A look at the New Mariners in 2004

Here's a look at each of the new faces that will be donning Mariner uniforms when Spring Training starts late next month.

- Rich Aurilia

2003: 505 AB, .277, 26 2B, 1 3B, 13 HR, 58 RBI, 2 SB

Riddled with injuries to his elbow and eyes over the past two seasons, Aurilia replaces Carlos Guillen as the team's starting shortstop in 2004 with a clean bill of health. He is a right-handed hitter who hits best when he's patient and avoids the temptation to pull the ball. Defensively, the 32-year-old has become less error-prone in his older years. While not having the range that Guillen does, Aurilia has a quick-release and an accurate arm that helps him compensate. He isn't a threat to steal but is a smart baserunner who rarely runs his team out of innings.

- Raul Ibanez

2003: 608 AB, .294, 33 2B, 5 3B, 18 HR, 90 RBI, 8 SB

Back with Seattle after three years in Kansas City where he blossomed into a bonified threat at the plate, Ibanez will be the team's every-day left fielder in 2004. The 31-year-old brings his beautiful looping left-handed swing back to Safeco Field, hoping to continue the success he found with the Royals. While struggling against lefties and soft-tossers, Ibanez will make pitchers pay when they throw a mistake and is an excellent fastball hitter. He is patient at the plate and a solid contact hitter who could see time at the No. 2 spot in the batting lineup. In the field, Ibanez runs suprisingly well but lacks a strong arm and top-notch instincts.

- Eddie Guardado

2003: 66 G, 65.1 IP, 3-5, 2.89 ERA, 41 S, 60 K, 14 BB

A 33-year-old lefty who will replace Arthur Rhodes in the bullpen, Guardado lacks an out pitch but has excellent control with all three of his pitches, a split-finger fastball, slider and curve. He is aggressive on the mound and keeps hitters off-balance by blending his pitches well and staying ahead in the count. He uses his splitter on right-handers and has found great success with it. Defensively, Guardado fields his position well despite his bulky build and is tough to steal on.

- Scott Spiezio

2003: 521 AB, .265, 36 2B, 7 3B, 16 HR, 83 RBI, 6 SB

At age 31, Spiezio comes to Seattle in the prime of his career looking to become the team's every-day third baseman. Replacing Jeff Cirillo, it will be difficult for him to do wrong at the hot corner. A switch-hitter, Speez is significantly better from the left side of the plate (.282 LH vs. .223 RH). He is patient, has some pop in the bat, and will steal on occasion as well. Defensively, he has decent range and an average arm, having originally come up as a second baseman in the Oakland farm system.

- Ramon Santiago

2003: 444 AB, .225, 18 2B, 1 3B, 2 HR, 29 RBI, 10 SB
A slap-hitter that comes to Seattle with little pop in the bat, Santiago had only 21 extra base hits in 444 at bats as a member of the Detroit Tigers in 2003. Where he figures to help the team out most is in the field, where he can play both shortstop and second base and take some pressure of utility man Willie Bloomquist as the backup at those positions. Santiago has above-average range, a very accurate arm and has impressed coaches and scouts with his ability to learn quickly. Formerly one of the Tigers' top prospects, he is only 24.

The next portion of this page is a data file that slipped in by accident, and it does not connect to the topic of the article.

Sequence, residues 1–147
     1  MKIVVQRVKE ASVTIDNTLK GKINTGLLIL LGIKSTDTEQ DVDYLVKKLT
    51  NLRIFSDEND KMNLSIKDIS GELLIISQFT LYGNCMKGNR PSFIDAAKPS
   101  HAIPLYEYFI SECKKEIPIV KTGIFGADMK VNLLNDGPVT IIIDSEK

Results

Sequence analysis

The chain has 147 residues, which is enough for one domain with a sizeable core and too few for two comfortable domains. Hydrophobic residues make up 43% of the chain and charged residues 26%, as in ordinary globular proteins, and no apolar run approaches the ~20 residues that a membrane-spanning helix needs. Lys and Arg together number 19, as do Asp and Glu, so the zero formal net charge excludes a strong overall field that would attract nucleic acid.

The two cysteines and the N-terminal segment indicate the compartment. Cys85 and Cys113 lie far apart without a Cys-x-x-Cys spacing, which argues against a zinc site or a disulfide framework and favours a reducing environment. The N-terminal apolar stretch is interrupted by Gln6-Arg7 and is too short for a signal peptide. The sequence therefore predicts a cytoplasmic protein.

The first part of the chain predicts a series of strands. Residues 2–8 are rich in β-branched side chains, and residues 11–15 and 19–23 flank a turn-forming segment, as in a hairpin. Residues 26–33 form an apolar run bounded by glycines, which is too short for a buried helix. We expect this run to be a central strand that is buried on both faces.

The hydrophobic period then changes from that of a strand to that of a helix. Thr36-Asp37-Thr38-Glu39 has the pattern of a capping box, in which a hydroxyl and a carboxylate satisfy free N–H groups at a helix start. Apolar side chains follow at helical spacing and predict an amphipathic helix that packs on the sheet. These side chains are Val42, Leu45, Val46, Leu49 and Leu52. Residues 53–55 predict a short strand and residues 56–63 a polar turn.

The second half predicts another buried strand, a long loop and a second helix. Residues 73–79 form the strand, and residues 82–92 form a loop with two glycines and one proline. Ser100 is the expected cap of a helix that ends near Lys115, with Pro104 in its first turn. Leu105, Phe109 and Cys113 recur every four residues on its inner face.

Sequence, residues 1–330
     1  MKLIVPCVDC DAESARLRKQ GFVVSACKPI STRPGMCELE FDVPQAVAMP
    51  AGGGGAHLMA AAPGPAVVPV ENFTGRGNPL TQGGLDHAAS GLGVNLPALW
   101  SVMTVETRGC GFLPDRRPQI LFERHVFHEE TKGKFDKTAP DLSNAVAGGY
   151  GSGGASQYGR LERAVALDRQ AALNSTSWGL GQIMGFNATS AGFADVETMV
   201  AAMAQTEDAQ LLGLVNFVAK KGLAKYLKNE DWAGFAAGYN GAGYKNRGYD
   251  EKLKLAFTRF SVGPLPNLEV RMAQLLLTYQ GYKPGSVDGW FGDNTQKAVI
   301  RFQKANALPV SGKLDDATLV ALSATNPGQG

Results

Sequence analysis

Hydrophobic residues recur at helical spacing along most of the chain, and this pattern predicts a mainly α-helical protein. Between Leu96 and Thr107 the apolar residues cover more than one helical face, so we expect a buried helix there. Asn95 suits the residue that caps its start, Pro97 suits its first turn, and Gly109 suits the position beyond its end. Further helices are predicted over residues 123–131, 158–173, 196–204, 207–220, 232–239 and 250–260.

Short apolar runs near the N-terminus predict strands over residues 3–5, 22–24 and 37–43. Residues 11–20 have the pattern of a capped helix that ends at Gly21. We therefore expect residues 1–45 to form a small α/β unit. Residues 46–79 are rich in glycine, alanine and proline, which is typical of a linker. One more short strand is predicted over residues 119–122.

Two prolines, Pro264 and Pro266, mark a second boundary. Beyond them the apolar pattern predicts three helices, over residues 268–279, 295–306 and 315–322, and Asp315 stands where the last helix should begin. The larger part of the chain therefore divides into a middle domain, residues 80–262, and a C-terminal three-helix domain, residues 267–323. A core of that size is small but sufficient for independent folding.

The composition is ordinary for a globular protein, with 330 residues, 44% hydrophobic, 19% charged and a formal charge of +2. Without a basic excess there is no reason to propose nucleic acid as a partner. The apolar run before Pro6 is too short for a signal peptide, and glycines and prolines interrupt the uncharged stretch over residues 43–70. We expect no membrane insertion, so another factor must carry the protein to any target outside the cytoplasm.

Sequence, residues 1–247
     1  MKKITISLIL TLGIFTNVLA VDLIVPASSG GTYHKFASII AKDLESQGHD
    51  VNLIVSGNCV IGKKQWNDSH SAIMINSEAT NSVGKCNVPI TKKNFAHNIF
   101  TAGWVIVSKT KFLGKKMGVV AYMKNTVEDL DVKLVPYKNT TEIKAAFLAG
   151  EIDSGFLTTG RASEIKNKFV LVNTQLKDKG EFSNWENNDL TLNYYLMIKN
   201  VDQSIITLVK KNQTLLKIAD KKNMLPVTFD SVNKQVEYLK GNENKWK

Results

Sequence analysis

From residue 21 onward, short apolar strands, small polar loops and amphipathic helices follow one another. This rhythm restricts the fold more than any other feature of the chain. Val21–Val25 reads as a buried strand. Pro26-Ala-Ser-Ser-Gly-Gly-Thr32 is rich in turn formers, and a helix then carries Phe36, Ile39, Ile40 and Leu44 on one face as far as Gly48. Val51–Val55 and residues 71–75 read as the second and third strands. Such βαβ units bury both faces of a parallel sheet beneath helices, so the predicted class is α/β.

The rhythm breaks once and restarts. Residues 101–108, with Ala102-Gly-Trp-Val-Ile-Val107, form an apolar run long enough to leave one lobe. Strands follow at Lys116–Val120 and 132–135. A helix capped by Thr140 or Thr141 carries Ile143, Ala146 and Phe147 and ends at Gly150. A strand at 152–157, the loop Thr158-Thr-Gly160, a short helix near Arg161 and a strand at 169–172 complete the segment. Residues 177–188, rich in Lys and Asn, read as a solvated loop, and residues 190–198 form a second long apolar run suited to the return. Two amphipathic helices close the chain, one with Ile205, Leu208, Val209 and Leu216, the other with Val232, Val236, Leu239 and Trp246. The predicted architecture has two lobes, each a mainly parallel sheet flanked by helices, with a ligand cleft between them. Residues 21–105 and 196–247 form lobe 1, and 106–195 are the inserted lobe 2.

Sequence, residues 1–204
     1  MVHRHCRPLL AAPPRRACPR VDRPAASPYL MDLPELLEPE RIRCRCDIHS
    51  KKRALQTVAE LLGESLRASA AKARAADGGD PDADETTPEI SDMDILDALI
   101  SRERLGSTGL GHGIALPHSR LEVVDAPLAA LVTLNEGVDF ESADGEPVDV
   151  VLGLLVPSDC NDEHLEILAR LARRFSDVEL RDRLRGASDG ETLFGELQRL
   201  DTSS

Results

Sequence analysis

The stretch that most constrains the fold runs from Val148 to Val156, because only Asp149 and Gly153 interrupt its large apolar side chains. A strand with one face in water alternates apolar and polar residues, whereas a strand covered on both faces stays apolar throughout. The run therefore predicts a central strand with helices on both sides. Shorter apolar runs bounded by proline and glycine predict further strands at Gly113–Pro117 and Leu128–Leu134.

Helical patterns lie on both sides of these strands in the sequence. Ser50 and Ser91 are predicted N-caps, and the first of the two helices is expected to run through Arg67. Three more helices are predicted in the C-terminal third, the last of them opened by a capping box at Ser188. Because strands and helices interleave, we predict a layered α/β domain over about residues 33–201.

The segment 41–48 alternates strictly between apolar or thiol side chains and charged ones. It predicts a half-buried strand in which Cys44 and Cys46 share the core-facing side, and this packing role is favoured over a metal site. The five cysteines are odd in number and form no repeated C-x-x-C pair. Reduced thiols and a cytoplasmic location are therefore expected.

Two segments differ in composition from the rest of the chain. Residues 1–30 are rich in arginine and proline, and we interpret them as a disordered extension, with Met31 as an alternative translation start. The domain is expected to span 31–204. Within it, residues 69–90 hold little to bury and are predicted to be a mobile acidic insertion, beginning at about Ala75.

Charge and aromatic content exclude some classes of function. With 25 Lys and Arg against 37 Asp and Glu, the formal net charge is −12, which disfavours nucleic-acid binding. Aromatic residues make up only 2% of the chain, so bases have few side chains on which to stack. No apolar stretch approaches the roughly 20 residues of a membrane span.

- Quinton McCracken

2003: 115 AB, .227, 5 2B, 2 3B, 0 HR, 18 RBI, 5 SB

Brought over from Arizona in return for Greg Colbrunn, McCracken is another switch-hitting reserve who is well-rounded enough to play any of the outfield positions. He is a good contact hitter who likes to bunt and spray the ball around the field, but contrary to popular belief he is not much of a threat on the basepaths. He stole only 10 bases in 552 at bats with the Diamondbacks over the past two seasons.

- Kevin Jarvis

2003: 16 G, 92.0 IP, 4-8, 5.87 ERA, 49 K, 32 BB

Jarvis comes to Seattle from San Diego as somewhat of a mystery. He's overpaid and doesn't have a defined role. At age 34, he can pitch in both the rotation and the bullpen, but it comes at a price. The right-hander has a 5.83 lifetime ERA in nine seasons with six different teams. On the mound, he is a quick worker who likes to stay down in the strike zone and let his defense do the work for him. He, like Guardado, holds runners on base well but isn't the polished defender that Everyday Eddie is.

- Wiki Gonzalez

2003: 65 AB, .200, 5 2B, 0 3B, 0 HR, 10 RBI, 0 SB

Wiki is a reserve catcher at best, a Triple-A catcher at worst and isn't currently on the team's 40-man roster. He came over in the Jeff Cirillo trade, but doesn't figure into the Mariners' long-term plans. Known for his defensive abilities, he will turn 30-years-old early in the regular season and will most likely spend the year with the Rainiers barring a release.

- Dave Hansen

2003: 135 AB, .244, 4 2B, 1 3B, 2 HR, 15 RBI, 1 SB

Long known as one of the best pinch-hitters in the game, Hansen's production took a dive last season with the Padres at the age of 34. While capable of playing both first base and the outifield in his younger years, on this Mariners team Hansen will likely see limited time in the field, and when he does it will almost surely be at first. Hansen adds a left-handed bat off the bench that the M's lacked last season when they had only John Mabry and switch-hitters Ben Davis and Mark McLemore in that role.

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